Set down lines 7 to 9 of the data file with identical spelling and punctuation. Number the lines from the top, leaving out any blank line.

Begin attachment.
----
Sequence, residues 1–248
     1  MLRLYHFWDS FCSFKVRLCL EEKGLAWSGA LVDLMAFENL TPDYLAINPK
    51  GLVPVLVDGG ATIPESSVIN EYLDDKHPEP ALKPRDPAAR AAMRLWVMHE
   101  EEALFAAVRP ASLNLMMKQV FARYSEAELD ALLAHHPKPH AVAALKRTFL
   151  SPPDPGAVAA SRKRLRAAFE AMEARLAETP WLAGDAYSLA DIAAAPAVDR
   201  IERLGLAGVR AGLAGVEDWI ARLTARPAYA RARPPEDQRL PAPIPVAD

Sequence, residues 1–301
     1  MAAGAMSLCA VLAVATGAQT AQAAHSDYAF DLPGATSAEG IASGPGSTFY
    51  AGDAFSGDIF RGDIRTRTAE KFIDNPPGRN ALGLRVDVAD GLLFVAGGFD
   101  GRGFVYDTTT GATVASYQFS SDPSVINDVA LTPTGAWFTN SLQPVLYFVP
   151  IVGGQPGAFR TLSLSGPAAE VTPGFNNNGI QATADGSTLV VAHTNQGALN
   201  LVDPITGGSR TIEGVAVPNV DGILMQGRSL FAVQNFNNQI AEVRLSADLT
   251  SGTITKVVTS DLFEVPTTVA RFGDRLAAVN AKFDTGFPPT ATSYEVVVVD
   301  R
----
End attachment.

Sequence, residues 1–301
     1  MAAGAMSLCA VLAVATGAQT AQAAHSDYAF DLPGATSAEG IASGPGSTFY
    51  AGDAFSGDIF RGDIRTRTAE KFIDNPPGRN ALGLRVDVAD GLLFVAGGFD